The night the mariachi ghosted: A sleuth contest for misled readers

It was your typical, atypical Monday afternoon shift at our friendly, neighborhood Irish pub.  As any experienced bartender will tell you (there’s more than just me out there, right?), no two shifts are alike, which is what makes our job so glorious and constantly entertaining.

While we see many of the same beautiful and familiar faces, every shift brings with it something new.

Enter… the traveling mariachi band.

I struck up a conversation with two Latin gentlemen sitting at my bar right after shift change, which is my job.  As it turns out, one was Spanish, the other Colombian, both part of a traveling mariachi band scheduled to play somewhere in Wesley Chapel on Friday night and somewhere down in Sarasota the next.  I’m not sure if mariachi bands have booking agents but apparently theirs is working overtime to land their clients some cushy gigs.

After a few moments, one of the gentlemen asked me to play Vicente Fernandez’ Aca Entre Nos over our sound system, which I did.  He immediately started singing along, which was all the proof I needed that this gentleman was the real deal.  The other, shier fellow sat by and harmonized as the lead vocalist lit up our not too crowded Irish Pub with a Mexican classic.  I even asked the man to sing to my friend’s newborn girl, which he did to the baby’s wide-eyed amazement.

Then, it dawned on me.  As this all occurred on a Monday, the following day was Taco Tuesday.  These gentlemen said they had nothing to do until their weekend gigs.  How about we invite them to play a few hours in our humble little pub, creating a culture clash of potentially epic proportions.  The owner agreed to a healthy comp tab and to allow them to work for tips.  The mariachi agreed.  They would bring one more musician with them to provide us with a power trio: vocals, guitar, bass, and trumpet.  It might have been the first time ever a traveling mariachi band graced an Irish pub.  One small step for man, one giant step for mariachi-kind.  As usual, I’m doing my best to promote world peace one cocktail at a time.

I told all my friends.  I stopped people on the street.  I spammed my Facebook page.  I alerted all the regulars in our pub’s social media group that this would be a limited engagement.  Enter the mariachi!  Anticipation was brewing.

Tuesday afternoon came.  I pulled out my sombrero from my bartender prop closet and it was on!

I walked into a crowded pub that Tuesday evening, so many people already there, brimming with anticipation.  Those who had been there Monday were eager to see what these guys could do in full dress.  Those who saw my posts were equally excited.

I’d asked the mariachi guys to start at six and play until nine so that they wouldn’t interfere with our normally scheduled karaoke.  Seeing these guys sing karaoke afterwards in full mariachi regalia would have been the icing on the cake.  In my head, I pictured the photo that all of us would take.  It would be epic.

Six o’clock rolled around.  No mariachi.  Okay, I thought to myself.  They’re running late, probably caught up in Tampa traffic or having a problem getting into their get-up.  The bar filled even further.

Six-thirty came.  Uh-oh.  I get it.  Latin myself, I understand the tradition de llegar mas tarde but in this instance, I didn’t like it.  I started to fret.  “I’m gonna be really disappointed if these guys don’t show.”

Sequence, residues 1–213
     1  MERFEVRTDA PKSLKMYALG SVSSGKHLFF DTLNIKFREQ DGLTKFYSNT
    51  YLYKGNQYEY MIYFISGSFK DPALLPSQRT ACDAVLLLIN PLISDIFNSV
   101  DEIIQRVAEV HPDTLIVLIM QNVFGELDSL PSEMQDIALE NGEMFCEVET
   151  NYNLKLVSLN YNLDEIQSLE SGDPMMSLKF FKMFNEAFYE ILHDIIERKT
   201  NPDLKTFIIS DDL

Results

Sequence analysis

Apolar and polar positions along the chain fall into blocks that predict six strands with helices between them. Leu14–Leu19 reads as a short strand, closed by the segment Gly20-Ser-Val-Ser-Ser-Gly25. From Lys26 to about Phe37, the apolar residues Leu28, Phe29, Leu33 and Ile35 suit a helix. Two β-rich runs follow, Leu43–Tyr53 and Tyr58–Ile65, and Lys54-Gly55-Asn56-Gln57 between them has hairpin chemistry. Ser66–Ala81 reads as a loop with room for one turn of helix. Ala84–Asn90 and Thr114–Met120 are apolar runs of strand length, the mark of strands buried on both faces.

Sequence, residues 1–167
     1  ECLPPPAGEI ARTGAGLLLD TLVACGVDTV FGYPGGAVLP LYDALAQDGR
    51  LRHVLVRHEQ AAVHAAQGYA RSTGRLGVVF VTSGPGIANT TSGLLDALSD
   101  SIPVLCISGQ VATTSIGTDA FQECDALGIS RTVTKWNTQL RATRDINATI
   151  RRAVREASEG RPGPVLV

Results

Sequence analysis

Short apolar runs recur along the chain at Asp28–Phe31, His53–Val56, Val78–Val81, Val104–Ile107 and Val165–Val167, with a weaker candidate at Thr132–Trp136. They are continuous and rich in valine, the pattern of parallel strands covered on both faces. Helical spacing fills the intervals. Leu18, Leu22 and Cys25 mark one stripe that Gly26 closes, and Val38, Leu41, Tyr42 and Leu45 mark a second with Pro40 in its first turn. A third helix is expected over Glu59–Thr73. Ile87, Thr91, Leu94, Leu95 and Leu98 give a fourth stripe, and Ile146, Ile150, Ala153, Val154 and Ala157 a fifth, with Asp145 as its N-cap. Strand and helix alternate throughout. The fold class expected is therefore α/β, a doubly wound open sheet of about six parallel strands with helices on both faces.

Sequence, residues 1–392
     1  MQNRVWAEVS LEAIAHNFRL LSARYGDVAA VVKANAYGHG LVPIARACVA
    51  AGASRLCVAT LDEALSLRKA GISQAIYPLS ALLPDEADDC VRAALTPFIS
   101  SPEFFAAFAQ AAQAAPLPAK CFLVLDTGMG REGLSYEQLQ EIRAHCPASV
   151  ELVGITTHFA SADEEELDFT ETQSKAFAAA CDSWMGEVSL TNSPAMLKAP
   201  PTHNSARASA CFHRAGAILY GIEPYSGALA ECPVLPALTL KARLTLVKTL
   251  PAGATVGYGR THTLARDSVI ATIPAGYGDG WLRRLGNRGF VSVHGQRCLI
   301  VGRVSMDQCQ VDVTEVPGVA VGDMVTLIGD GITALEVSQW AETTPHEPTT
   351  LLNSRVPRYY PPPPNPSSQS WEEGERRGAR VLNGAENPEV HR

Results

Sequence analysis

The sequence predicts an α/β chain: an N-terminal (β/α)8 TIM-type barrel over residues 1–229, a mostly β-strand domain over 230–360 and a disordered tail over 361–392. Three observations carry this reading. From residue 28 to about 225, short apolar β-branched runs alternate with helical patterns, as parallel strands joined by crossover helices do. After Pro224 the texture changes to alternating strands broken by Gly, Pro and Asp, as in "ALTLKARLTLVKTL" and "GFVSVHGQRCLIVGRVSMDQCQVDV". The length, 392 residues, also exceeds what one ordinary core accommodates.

7 o’clock.  Maybe they misunderstood me, my broken Spanish still perfectly capable enough of ensuring a 6 pm start time.  Or maybe they’d show up at nine and karaoke and mariachi would have to co-exist, a beautiful fusion of Mexican, Irish, and Japanese tradition.

Alas, they never showed, despite giving me absolutely no indication that they wouldn’t.  I became the Boy Who Cried Mariachi.  Where in the World is Carmen Mariachi?  I believe this is how the Mexican-American War started.  Or maybe it was the War of 1812, I’m lacking in American History and am officially short one mariachi band.

So, to make the best of a sorry situation, I’ve decided to come up with a sleuth contest where you, my faithful reader, come up with the best explanation for what happened to the missing mariachi.  El perro comio mi tarea.  Translation: the dog ate my homework.  And please, people, come up with something more original than They Built a Wall.  Anyone submitting an answer so trite will be disqualified.

The person to come up with the most imaginative and hilarious reason in the comments section below as to why my mariachi ghosted me will receive: one free top shelf margarita made by yours truly, three free delicious JJIP tacos (redeemable Tuesday evenings only) y un gato en un sombrero.


Please follow and like us:
Pin Share

6 Replies to “The night the mariachi ghosted: A sleuth contest for misled readers”

  1. This immediately made me think of the Full House episode. Jesse and Joey tell everyone that R.E.M. is going to perform at the new nightclub, but instead, three elderly ladies named Renee Esther and Margaret show up. They were lying and playing a trick on you, for one of two reasons. They were going to have three elderly ladies show up instead. Or they assumed you knew how badly life has changed. Who doesn’t want to kill all the news stories about when many invitees RSVP for gatherings and birthday parties, and then not a single invitee shows up.

  2. Maybe in your rusty Spanish you mispronounced Tuesday. The bad news is the mariachi band ghosted on karaoke night. The good news is that you have a mariachi band for the entire month of March.

  3. Just between us , we did not mean to ruin Taco Tuesday , but as in the song , all those tequila shots caused us to lose our way.

Leave a Reply

Your email address will not be published. Required fields are marked *